LORAINE KIELY | RAINMAKER SOLUTIONS
Who's up for a heavy dose of inspiration this morning?
"I’ve never let myself think that I’m disadvantaged for being female" - simple but extremely effective words from this week's blog guest Loraine Kiely, Director of Culture and Strategic Projects at Rainmaker Solutions. Both creative and technically driven, Loraine created her own path into the world of tech helping to digitise an interior design business - and hasn't looked back since. Loraine's story really shows that a focused and positive attitude and a strong mindset can really get you to where you want to be - especially when faced with strong hierarchical cultures and male-dominated environments.
HEY LORAINE! THANKS FOR SHARING YOUR STORY WITH US. LET’S START AT THE BEGINNING – HOW DID YOU FIRST GET INTO THE TECH INDUSTRY?
When I had to choose what I wanted to do at university, I went for where the jobs would be. Business information systems (coding) very quickly became something I didn’t want to do, so I went into interior design. I’m very creative, but also very technical and process-orientated. I ended up working for an interior design business that needed digitisation. The role required a balance of both creative and process-orientated approaches. It took me a while to figure out the need for creative and technical/logical balance, so in the end, I created my own path. I don’t really think about myself being a “woman” in tech – I’m just a tech professional who tries to do her job well.
WHAT CHALLENGES HAVE YOU FACED IN THE INDUSTRY?
I was once part of a very hierarchical culture – I was managed in a way that wasn’t allowing me to get the outcomes that were needed. I had to push against that management style to get the outcomes but in a respectable way that didn’t clash with the culture and established structure. I had to be careful about how I did that. I based everything on facts, and having good insights – keeping the emotions out of it and maintaining calm in all of the conversations. I’ve never let myself think that I’m disadvantaged for being female. I’ve always believed I was good at what I did and deserved to be where I am. I’ve had support from a lot of strong female leaders, but I appreciate that isn’t always the case, and that it isn’t always so straightforward for others. I’ve been really lucky in that respect and acknowledge that. I don’t allow myself to have the mindset of being targeted or disadvantaged. I was doing the job as well as (if not better) than everyone else. I just kept pushing and refused to take NO for an answer.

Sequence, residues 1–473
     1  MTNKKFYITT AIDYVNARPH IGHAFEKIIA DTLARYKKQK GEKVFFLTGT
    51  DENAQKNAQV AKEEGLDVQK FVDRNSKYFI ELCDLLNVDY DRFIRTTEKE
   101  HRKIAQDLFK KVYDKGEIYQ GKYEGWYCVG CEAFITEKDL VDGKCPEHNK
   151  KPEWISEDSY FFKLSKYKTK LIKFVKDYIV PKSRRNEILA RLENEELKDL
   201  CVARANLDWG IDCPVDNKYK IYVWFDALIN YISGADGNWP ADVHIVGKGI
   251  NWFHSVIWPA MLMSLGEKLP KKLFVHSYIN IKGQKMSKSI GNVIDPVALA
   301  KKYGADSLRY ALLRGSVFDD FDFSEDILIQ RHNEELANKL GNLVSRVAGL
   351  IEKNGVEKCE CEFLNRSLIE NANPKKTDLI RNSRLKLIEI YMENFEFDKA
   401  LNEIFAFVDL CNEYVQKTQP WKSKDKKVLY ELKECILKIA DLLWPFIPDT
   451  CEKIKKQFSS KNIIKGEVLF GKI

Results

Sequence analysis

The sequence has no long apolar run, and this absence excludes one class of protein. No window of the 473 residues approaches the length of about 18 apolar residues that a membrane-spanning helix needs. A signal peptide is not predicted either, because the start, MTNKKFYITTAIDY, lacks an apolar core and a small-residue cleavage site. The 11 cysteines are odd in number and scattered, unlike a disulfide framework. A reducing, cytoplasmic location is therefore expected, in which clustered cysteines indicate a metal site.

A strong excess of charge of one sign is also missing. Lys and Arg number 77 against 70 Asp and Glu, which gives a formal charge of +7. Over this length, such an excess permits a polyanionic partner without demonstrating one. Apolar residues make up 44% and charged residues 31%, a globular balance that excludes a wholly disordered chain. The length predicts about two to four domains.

HIGHLIGHT OF YOUR CAREER SO FAR?
I’d say the highlight of my career is getting to a point where I’ve proven myself enough that people give me the autonomy to go and get the job done. Not having to always actively apply for roles because people I’d worked with before would seek me out or recommend me, demonstrating that I’ve built a solid reputation that I can be proud of. In previous roles, I was shadow-supporting leaders with data and information, which led to me being trusted and having the autonomy to get the job done in any way I saw fit, allowing me to capitalise on my creative nature. This means a lot to me because it means I’ve got it right and found an effective solution. Being appreciated for my effort and being rewarded with trust and autonomy makes all the hard work worth it. This is the foundation for tangible external results – it all begins with trust.
WHAT ADVICE WOULD YOU GIVE TO OTHERS WHO WANT TO GO INTO THE SAME CAREER?
Gain insights, do your research, and come up with a solution that everyone can understand. It's ok not to be pigeon-holed or boxed in – allow yourself to be more fluid and allow lateral thinking. Don’t let people force you into something you’re not comfortable with.
WHAT AREA OF D&I ARE YOU MOST PASSIONATE ABOUT AND WHY?
I can’t pick just one – race, sexuality, gender, accessibility/disability, they’re all important and worth addressing. It’s just not right that there isn’t equality. Keeping the conversation strictly gender-based isn’t telling the full story. Break down the defensiveness and have open conversations about all areas of D&I, not just one.
WHAT AREA OF D&I DO YOU FEEL IS MOST UNDERREPRESENTED AND WHAT DO YOU THINK THE INDUSTRY COULD DO TO CHANGE THAT?
I think Race, Gender, and the LGBTQ has a lot of media coverage. But “physical disability” doesn’t have people constantly in the media educating people. I believe the quietest voice in the room is for the physical disability minority. People that have disabilities don’t have a choice – and it’s something they have to deal with every day, often even just for simple tasks. I believe shedding some light on this would require society to approach the conversation openly - don’t point the finger or throw stones as this doesn’t actually solve the problem. Have the conversations and focus on education. Come with solutions, not problems.
FAVOURITE MANTRA/QUOTE YOU LIVE BY?
Love is love!
Thanks, Loraine, you ROCK!
Interview by Andrew Delsol